REDISCOVERING ACRES HOMES WITH A DE MENIL-BACKED COMMUNITY FOR CREATIVE LIVING

Source: Rediscovering Houston Blog

Many people embrace living in small towns because they enjoy the sense of community that is often unavailable in large cities. Ten minutes north of Houston, however, there is a community with a rich history and a distinct identity as a wooded semi-rural retreat nestled within one of the largest cities in the country: Acres Homes. For decades, artists have flocked to this area to join the fabric of the historically African American community and find inspiration from the greener space and slower pace.

Answering the demand from more creative professionals and other inner loopers looking to join the community, renowned architect Francois de Menil has designed a community of modern single-family homes in Acres Homes designed for creative living known as NoLo Studios @ Acres Homes. Star Massing, a top producing Boulevardian, will serve as the exclusive listing and marketing agent for the homes. Massing was also involved in conceiving the project, since it was her strong relationship to the art community that led her to search Acres Homes for such a property for more artists to take root.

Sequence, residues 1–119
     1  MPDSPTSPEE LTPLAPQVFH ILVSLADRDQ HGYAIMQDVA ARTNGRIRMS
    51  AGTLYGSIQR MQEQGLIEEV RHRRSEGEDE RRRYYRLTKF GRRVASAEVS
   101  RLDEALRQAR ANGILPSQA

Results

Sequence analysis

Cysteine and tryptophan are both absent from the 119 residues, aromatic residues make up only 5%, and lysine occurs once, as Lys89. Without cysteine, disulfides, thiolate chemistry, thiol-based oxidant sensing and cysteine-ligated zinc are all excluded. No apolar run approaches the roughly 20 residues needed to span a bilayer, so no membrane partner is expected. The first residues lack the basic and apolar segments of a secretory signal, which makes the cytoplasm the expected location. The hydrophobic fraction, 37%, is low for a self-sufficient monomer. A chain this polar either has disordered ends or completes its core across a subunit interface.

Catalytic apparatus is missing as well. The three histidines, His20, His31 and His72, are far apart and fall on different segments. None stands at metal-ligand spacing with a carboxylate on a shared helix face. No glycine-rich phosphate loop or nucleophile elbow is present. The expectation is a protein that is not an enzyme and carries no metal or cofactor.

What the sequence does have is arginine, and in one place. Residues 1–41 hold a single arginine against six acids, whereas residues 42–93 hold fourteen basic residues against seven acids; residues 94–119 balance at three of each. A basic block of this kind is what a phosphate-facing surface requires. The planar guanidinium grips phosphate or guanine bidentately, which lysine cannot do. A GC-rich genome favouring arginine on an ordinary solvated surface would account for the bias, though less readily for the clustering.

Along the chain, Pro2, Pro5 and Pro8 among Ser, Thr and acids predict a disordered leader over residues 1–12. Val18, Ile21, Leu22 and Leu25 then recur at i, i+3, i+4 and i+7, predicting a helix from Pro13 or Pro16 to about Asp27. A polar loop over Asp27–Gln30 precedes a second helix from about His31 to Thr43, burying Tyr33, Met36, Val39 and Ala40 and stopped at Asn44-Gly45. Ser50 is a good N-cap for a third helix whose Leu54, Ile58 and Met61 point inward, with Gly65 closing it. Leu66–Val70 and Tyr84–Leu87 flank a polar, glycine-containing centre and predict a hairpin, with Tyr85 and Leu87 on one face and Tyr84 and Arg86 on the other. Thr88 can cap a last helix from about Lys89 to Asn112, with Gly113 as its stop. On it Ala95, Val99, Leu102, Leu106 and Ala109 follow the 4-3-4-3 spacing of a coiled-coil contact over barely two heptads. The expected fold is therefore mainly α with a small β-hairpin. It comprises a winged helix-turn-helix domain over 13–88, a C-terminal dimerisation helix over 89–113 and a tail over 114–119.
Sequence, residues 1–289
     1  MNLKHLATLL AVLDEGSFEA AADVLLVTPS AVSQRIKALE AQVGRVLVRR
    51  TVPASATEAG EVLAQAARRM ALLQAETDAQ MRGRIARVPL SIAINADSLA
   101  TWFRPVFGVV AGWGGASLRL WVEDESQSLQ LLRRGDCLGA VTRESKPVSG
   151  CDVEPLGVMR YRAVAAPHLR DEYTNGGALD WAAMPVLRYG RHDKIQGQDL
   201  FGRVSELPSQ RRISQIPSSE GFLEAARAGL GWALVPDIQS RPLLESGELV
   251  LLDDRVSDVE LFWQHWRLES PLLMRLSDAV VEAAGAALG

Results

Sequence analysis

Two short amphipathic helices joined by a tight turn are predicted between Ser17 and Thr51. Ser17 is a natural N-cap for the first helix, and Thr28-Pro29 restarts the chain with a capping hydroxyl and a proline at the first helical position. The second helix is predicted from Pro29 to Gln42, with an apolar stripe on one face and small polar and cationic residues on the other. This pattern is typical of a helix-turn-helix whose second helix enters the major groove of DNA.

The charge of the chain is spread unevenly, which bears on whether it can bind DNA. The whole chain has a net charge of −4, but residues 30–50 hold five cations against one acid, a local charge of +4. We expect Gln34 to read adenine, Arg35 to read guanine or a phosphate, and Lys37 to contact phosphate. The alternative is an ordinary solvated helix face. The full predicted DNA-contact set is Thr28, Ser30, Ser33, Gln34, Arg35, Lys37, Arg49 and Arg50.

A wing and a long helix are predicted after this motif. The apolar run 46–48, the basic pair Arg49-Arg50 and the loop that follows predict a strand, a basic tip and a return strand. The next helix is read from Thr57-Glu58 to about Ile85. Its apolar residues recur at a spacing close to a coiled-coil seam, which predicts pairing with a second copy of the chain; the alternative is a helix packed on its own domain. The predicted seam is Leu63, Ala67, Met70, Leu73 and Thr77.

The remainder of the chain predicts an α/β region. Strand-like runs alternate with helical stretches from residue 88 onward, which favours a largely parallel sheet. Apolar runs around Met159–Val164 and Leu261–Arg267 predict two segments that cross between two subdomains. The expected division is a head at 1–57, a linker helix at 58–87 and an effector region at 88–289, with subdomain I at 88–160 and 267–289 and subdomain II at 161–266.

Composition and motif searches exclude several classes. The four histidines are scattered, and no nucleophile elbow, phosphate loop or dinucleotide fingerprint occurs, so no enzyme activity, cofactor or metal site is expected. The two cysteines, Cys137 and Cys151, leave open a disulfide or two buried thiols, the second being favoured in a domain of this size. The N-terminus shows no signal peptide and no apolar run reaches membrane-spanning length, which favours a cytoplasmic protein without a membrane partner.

Among the many artists who currently call the Acres Home area home are the Art Guys, David Kidd, Terrell James, Thedra Cullar-Ledford, Trenton Doyle Hancock, Richard Huebscher, Kiki Neumann, Seth Mittag, and several others.

De Menil will be the developer and the architect for each of the fourteen homes and common areas that will be built in a three-acre gated community between the T.C. Jester Hike & Bike Trail and Wheatley Street off of Mansfield. Residents will be surrounded by existing and additional new landscape of pine, oak and sycamore trees as well as green space meandering throughout the property. The homes have been carefully placed to optimize views & the sense of personal space—following the Japanese notion of “borrowed light.”